Interview: Paperboyo, creative photographer and Insta sensation

Rich McCor knows how to stand out from the crowd. The London-based man behind the Instagram ‘Paperboyo’ has gained an impressive following for his playful transformations of some of the world’s most iconic landmarks, using clever designs cut out of paper.

With a background in media and TV and inspired by Christoph Niemann, he began sketching landmarks and taking photos of the sketches in their real locations. But this had been done before. How could he break the mould? caught up with Rich about his love of buildings, travel and street art, and his latest project in France in 2019.

So, Rich… why buildings in particular?

To be honest, I had nothing beyond an average interest in architecture – it was more about the landmarks and the fact they were so instantly recognisable. Playing around with something so familiar was really what interested me. Especially Big Ben, because everyone knows and loves it – it’s a true icon of London. But I’d seen everyone take photos of it, so I decided to do something different and actually change the landmark using cut-outs, making people see it in a different way.

I wandered around London with my camera just noticing the buildings around me. The more observant I became, the more it developed the type of thinking that creates my work, and vice versa – noticing patterns, and different angles and viewpoints. When I came up with the idea it felt so simple and organic, as if somebody had to already be doing it, but they weren’t. It went down well – and that’s when I decided landmarks were the one!

What’s your connection with France?

Growing up in Kent, I did the classic trips to France by ferry with my family, visited the Loire Valley a couple of times, did the south of France one or twice, and then did Paris with university friends. I hadn’t visited the mountains until a couple of years ago… I wouldn’t describe myself as a skier, but I’m a keen learner…

Let’s talk a bit about your latest France project.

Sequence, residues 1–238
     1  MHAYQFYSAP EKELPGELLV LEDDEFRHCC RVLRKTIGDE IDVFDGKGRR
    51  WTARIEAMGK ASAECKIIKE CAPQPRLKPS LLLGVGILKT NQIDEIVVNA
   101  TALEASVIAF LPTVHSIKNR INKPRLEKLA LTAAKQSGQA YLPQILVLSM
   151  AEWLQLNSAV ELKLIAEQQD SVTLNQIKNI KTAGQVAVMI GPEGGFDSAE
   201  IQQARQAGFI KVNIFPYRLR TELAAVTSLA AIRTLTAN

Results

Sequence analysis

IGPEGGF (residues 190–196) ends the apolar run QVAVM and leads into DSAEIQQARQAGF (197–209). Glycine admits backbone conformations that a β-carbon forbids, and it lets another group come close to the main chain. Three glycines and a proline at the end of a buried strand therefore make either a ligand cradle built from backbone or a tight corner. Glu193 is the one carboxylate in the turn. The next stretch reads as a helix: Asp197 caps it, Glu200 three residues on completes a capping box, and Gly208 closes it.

I worked with Atout France across five French destinations in 2019, promoting them through their landmarks. In Le Havre it was the ‘Le Signal’ sculpture at the MUMA, in Paris it was the Palais Galliera. I also went to the Louvre Lens, the Chateau du Clos-Lucé and two sites in Marseille: the MuCEM and Chateau d’If.

You mentioned you enjoy the parameters that brand work involves. What were they like for this?

The hardest part was choosing the buildings! We had a long list and initially thought it was going to be a wonderful open project with a playground of buildings, but we ended up having to scale it down, which limited but also helped me in some ways. The campaign was split across two trips. Having the focus really helped – I struggled coming up with an idea for Clos-Lucé, but ultimately I think that’s my favourite one: it’s so ‘on brief’, celebrating Leonardo da Vinci and the Renaissance’s 500th anniversary, and a bit different from my usual style, i.e. not urban.

What were the challenges?

Coming up with six ideas that I was really into. But the nice thing about this project was that there was quite a long lead-up time, so there was plenty of time to think and not rush the ideas – so that helped a lot.

The Louvre Lens guitarist is the only photo with two hands showing! How did you take that one?

I do this a little less often – it’s using a tripod and self-timer. It’s always my own hand(s) – I made that choice consciously three or four years when taking photos in London. Someone stopped and asked if I needed them to hold the cut-out for me, and I think it was in that moment I decided I’ve always got to do it independently.

Are the animations a new thing too?

Over the past year I’ve been doing more of these, as there’s only a certain amount you can do with one or two cut-outs being held up. I wouldn’t have been able to realise my idea for Palais Galliera without the animation element – it just wouldn’t have made any sense. I found myself throwing away some ideas because I couldn’t do them just with cut-outs, so animation really widens the spectrum. I was a bit worried that it wouldn’t go down that well, but I’ve kept it within my style and seem to have got away with it.

You’re trying to travel more slowly these days and take your time. Did you find the French way of life was conducive to that?

One of the best aspects of the project was that it took me to parts of France I’d never have otherwise chosen, or even heard of – I didn’t even know Lens existed. Many people I met and spoke to on the trip hadn’t heard of the Louvre Lens. A couple of people knew about the MuCEM in Marseille, but they were amazed when I showed them a photo of it. I didn’t know about Chateau d’If and the Count of Monte Cristo novel either, so there were so many discoveries and connecting dots. I stayed a bit longer in Marseille as I particularly loved it, and headed off to explore the calanques. I think there’s a risk of familiarity with France being our nearest neighbour, but this trip really challenged that for me. I’ve also done a lot of long-haul, so it was refreshing to stay closer to home.